Two strikers in particular, Bradley Wright-Phillips of the New York Red Bulls and Sporting Kansas City’s Dominic Dwyer, have started the new season in great form for their respective teams.
While Dwyer is a relative unknown back in England, Wright-Phillips spent the early part of his career with Manchester City in the Premier League, scoring twice in 40 appearances.
After dropping down the divisions to play for Plymouth Argyle and Charlton Athletic, the 29-year-old turned down offers in England to head across the Atlantic Ocean in July last year.
“The standard would definitely surprise those who don’t follow the league,” he said of MLS.
“The Designated Players are obviously fantastic but the others are technically good as well. It’s physical, there are a lot of athletes, but teams try to play out from the back – the right way as far as I’m concerned.”
Last season’s top goal scorer for the Red Bulls was Tim Cahill with 11 goals but the Australian has never been an out-and-out striker and has spent time on the sidelines recently through injury.
Thierry Henry also hit double figures, while Fabian Espindola bagged nine but he has since moved on to DC United so there is a hole to fill.
Wright-Phillips took some time to find his feet, scoring just once at the tail end of last year, but has hit the ground running for the 2013 Supporters’ Shield winners.
Indeed, just last week he became the first Englishman to score an MLS hat-trick when he netted three times against the Houston Dynamo.
“If I’d known it had never been done before, then I don’t think I would ever have managed it – I’d have been trying too hard,” he said of the milestone.
“It’s something I can now look back on, something that’s always going to be there no matter what. My dad [ex-Arsenal striker Ian Wright] and brother Shaun have both sent me congratulatory texts.
“It’s mad but feels very, very good.”
His partnership with Henry and the imminent return of Cahill gives the Red Bulls, who started the season with some disappointing results, one of the league’s most potent forward lines.
Wright-Phillips’ fellow countryman Dom Dwyer is also enjoying his time in the States, though his road to MLS was a bit more complicated.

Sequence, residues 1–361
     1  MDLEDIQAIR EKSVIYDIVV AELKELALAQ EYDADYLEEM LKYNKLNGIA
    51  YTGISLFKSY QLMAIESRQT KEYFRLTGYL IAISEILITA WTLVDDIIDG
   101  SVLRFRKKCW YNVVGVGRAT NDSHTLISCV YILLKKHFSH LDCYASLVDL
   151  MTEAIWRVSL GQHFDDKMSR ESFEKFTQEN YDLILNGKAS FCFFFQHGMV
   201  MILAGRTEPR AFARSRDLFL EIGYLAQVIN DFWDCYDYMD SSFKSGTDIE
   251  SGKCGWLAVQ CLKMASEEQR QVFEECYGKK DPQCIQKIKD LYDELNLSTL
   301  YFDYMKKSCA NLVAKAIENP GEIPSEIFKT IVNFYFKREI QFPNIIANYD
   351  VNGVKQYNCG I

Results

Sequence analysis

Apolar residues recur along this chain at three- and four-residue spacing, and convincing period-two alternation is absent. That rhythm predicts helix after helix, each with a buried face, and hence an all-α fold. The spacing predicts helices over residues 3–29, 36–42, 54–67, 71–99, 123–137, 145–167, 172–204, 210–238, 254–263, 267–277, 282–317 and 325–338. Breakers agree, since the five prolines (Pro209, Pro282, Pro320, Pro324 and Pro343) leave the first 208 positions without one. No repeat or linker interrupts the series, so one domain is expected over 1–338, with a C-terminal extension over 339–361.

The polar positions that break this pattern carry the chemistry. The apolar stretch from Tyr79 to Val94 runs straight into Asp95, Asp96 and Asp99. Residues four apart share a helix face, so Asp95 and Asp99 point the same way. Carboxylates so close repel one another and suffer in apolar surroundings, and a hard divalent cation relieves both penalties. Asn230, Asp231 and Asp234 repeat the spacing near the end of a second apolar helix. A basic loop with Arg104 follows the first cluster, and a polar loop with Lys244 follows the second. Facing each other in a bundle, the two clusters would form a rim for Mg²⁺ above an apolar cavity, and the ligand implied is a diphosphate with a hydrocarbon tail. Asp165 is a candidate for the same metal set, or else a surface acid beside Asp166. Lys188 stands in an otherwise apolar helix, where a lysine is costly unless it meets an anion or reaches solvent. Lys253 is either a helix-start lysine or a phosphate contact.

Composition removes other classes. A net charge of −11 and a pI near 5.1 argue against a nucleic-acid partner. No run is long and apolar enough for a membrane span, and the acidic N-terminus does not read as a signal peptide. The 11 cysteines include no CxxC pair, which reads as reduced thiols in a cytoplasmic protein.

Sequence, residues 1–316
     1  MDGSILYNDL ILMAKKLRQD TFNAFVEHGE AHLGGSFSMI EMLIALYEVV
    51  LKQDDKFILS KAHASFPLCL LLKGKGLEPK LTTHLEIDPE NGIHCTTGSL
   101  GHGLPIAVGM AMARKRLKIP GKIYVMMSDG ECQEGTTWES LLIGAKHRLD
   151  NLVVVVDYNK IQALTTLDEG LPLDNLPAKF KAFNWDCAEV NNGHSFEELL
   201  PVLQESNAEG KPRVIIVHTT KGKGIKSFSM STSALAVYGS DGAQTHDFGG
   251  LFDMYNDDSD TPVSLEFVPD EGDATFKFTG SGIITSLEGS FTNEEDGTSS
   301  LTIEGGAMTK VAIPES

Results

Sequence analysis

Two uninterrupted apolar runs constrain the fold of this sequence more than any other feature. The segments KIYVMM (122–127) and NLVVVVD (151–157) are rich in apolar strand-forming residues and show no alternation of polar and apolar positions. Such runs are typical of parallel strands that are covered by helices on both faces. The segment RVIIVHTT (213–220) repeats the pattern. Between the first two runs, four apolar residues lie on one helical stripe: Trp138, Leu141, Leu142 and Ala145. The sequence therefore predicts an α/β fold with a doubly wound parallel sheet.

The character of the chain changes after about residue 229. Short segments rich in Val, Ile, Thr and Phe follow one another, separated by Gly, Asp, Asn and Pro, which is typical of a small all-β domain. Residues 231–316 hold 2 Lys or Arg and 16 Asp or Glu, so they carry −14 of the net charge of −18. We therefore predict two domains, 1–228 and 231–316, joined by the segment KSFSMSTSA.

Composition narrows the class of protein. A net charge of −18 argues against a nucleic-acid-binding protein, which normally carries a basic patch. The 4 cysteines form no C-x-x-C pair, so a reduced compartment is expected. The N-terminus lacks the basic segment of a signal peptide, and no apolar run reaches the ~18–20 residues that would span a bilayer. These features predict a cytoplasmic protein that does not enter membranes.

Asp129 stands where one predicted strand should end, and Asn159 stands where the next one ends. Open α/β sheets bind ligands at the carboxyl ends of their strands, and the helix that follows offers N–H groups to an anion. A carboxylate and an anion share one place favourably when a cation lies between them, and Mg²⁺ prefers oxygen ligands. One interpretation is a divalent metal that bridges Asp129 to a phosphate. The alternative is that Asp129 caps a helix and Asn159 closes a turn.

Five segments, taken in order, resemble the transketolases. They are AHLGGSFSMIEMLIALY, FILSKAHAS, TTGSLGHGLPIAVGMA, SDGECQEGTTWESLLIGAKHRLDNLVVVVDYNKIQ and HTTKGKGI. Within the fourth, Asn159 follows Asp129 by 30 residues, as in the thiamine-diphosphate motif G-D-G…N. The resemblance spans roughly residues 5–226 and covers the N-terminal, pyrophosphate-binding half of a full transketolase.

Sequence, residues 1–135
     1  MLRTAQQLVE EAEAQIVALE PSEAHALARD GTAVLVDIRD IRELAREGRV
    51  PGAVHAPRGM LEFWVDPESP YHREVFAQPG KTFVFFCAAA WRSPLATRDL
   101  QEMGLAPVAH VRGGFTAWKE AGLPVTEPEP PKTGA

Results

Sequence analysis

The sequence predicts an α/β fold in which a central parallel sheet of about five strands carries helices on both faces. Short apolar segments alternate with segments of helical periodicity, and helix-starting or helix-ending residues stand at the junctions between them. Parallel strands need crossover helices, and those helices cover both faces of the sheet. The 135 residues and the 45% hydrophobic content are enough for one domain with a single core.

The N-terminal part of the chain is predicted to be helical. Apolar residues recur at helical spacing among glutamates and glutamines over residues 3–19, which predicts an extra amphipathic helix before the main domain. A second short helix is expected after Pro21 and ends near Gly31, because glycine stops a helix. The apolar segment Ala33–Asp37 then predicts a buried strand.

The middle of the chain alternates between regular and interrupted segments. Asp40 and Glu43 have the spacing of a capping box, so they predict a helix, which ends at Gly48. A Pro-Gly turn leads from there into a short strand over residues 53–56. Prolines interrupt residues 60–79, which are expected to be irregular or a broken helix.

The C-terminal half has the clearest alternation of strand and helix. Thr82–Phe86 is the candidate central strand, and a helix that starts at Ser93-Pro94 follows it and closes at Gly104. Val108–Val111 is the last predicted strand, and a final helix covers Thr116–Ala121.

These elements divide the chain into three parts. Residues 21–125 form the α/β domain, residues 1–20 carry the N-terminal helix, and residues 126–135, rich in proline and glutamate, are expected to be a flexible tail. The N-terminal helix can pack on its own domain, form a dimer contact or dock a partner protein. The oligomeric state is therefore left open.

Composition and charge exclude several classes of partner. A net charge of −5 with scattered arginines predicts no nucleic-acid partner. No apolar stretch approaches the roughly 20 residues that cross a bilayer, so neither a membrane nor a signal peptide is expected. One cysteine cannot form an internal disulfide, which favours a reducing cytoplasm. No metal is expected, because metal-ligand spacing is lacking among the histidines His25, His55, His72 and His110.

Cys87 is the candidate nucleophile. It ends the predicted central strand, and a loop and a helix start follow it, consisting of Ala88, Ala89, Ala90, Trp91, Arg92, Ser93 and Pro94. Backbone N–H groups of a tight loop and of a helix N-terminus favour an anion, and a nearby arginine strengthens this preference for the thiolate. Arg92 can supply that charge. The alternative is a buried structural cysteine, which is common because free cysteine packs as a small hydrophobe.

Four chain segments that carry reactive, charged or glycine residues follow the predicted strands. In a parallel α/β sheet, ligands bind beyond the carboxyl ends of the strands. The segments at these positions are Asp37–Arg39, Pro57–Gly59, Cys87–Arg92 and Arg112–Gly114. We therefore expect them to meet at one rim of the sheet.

The 23-year-old has become a mainstay in the Sporting Kansas City starting line-up this year but had to work hard to get his shot at the big time.
Born in West Sussex, Dwyer spent time with Norwich City’s academy before moving to the US in 2009 to try an alternative career path.
He excelled at college level and his performances for the University of Florida ultimately led to him entering the 2012 MLS draft where he was selected by SKC near the end of the first round.
“I remember a lot of people saying to me that if I go to America, then my football – or soccer – career is done,” Dwyer told Sports Illustrated last year.
“‘You’re never going to be a professional’; that’s one thing that stuck in my head. I had that from quite a few people.”
His rookie season yielded just 14 minutes of playing time before he became the benefactor of a new system that allowed MLS sides to align themselves with third-tier clubs.
A subsequent relationship with USL Pro side Orlando City, who will join MLS in 2015, saw Dwyer join bang in 15 goals in 13 league matches, as well as three more in the U.S. Open Cup.
After being recalled to SKC in June, he was a bit-part player for the rest of the season but did enough to earn a start in the MLS Cup win over Real Salt Lake in December.
Now, in 2014, he is leading the line for the competition’s reigning champions and bagged a brace in the recent 4-0 victory over the Montreal Impact.
“I was pleased to get a couple of goals, obviously,” he said after the game.
“I needed it. The last game, I thought I played well and was just unlucky. I thought that was coming again today, when the keeper saved it with his face.
“But I just kept going and got chances, and we closed the game out well.”
Both Dwyer and Wright-Phillips will be keen to keep their early season form going for what are expected to be two teams challenging for MLS Cup come the playoffs in October.